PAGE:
Pioneer youth worker thanks young people for being so resilient during pandemic

A pioneering voice behind the inaugural Thank You Day has thanked young people for “holding on” during the coronavirus pandemic.

Gavin McKenna, 31, founder of youth project Reach Every Generation, said “there’s so much to thank (young people) for”.

Mr McKenna (pictured left with colleagues Aaron and Ben) is one of 13 original proposers of Thank You Day, an occasion now backed by celebrities which aims to build on the community spirit many relied on during lockdowns.

And in the spirit of gratitude, Mr McKenna highlighted the sacrifices made by the younger generation over the last 15 months.

“I know a lot of people that did shopping for their neighbours that no one really knew about,” Mr McKenna told the PA news agency.

“I know there are young people that didn’t get the grades they were looking for, that had to deal with so much.

“The one thing about being young is how free you are – that got snatched away from so many young people, and that’s the time they’ll never get back.

“So I just wanted to just stop and just say thank you to them.”

Reach Every Generation was founded to support young people within the youth justice system, fighting social issues such as crime, violence and exploitation.

“We believe that it is paramount to not only offer hope and opportunity to the young people directly, but also empower and equip professionals that work with such young people daily,” said Mr McKenna.

The project also offers assemblies to raise awareness, as well as a mentoring and coaching programme to support children and young people who are at risk of, or actively involved in, crime, serious violence, and exploitation in Essex.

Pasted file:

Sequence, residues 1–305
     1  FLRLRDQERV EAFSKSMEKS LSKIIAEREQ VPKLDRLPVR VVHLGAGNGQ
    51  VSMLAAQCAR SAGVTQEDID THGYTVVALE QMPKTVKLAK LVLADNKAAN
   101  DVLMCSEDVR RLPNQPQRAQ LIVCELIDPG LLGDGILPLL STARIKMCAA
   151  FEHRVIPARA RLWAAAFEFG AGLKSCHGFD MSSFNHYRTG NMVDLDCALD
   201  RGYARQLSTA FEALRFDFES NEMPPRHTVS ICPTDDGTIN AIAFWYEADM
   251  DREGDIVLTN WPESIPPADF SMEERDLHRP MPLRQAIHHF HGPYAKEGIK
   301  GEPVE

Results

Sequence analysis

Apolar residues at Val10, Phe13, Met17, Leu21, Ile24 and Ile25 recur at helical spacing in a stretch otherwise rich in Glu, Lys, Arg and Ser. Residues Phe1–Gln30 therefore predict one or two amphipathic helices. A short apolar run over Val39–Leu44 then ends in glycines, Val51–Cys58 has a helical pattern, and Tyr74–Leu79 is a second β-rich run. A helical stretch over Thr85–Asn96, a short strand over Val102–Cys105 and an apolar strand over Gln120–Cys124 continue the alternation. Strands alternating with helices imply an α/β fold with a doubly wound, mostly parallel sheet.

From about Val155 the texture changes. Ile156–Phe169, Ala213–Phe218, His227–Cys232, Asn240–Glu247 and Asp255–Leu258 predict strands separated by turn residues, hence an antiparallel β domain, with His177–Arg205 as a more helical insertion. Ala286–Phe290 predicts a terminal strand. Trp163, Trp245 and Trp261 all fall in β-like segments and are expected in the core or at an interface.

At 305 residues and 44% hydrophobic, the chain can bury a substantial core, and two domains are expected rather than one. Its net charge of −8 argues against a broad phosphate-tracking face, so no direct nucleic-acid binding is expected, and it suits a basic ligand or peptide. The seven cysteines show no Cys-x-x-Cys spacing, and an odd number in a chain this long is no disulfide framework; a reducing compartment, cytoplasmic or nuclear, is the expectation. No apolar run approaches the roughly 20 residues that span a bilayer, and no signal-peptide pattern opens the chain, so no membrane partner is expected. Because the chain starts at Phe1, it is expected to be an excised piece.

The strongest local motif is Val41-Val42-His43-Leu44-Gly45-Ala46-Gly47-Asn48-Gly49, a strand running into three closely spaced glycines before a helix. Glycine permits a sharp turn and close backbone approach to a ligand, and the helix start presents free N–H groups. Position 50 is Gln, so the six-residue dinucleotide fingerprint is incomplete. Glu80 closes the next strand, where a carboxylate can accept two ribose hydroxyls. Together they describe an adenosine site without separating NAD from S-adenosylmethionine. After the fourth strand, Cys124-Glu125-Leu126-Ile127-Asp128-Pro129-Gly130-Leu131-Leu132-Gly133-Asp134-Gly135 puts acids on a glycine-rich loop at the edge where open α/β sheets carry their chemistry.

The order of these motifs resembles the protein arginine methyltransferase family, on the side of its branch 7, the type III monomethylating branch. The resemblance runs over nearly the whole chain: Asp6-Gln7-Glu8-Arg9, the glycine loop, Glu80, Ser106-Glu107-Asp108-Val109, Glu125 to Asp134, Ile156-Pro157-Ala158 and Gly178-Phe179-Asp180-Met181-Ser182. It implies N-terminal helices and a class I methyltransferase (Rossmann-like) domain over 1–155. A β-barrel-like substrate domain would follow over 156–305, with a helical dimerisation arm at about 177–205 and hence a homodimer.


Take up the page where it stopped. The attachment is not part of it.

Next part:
Mr McKenna, from east London, is using his lived experience and specialist knowledge to influence societal change, but the pandemic made his work harder.

“We saw young people that were being trafficked on county lines… they were becoming more available,” he said.

“They were online a lot more. They weren’t going to school anymore, and sometimes school is that place where things can be noticed.

“We had less engagement with young people because everything went online. So yeah, we struggled so much with trying to engage our young people and reduce those risk factors around them.”

Thank You Day is set to go ahead on July 4 with a range of activities including litter picking, street parties and a barbecue led by Levi Roots.

To mark the occasion, Mr McKenna is helping to put on a charity football match to “bring people together”, adding that the inaugural celebration gives him the opportunity to show his gratitude.

“Young people in particular, they’re always on the margins of society,” he said. “We see that whether they’re good or bad.

“We almost expect too much from them. ‘You go to school, you work hard, you need to do this, you need to do that’.

“Actually, no one ever stops and says, ‘You know what, I appreciate the fact that you’re building a brighter future. Thank you for taking care of the environment. Thank you for caring so much about the way that the world is going’.

“Because actually we’ve got a generation of children (that) care. They care about feminism, they care about if men respect women and the gender pay gap, they care about the social injustices that previous generations have seen and not really cared about.

“So I think there’s so much to thank them for, give them a little bit of encouragement.

“We want to build a brighter future through the next generation, so let’s encourage them. Let’s encourage them to continue fighting for what’s right.”

Copyright (c) PA Media Ltd. 2021, All Rights Reserved. Picture (c) Gavin McKenna / PA.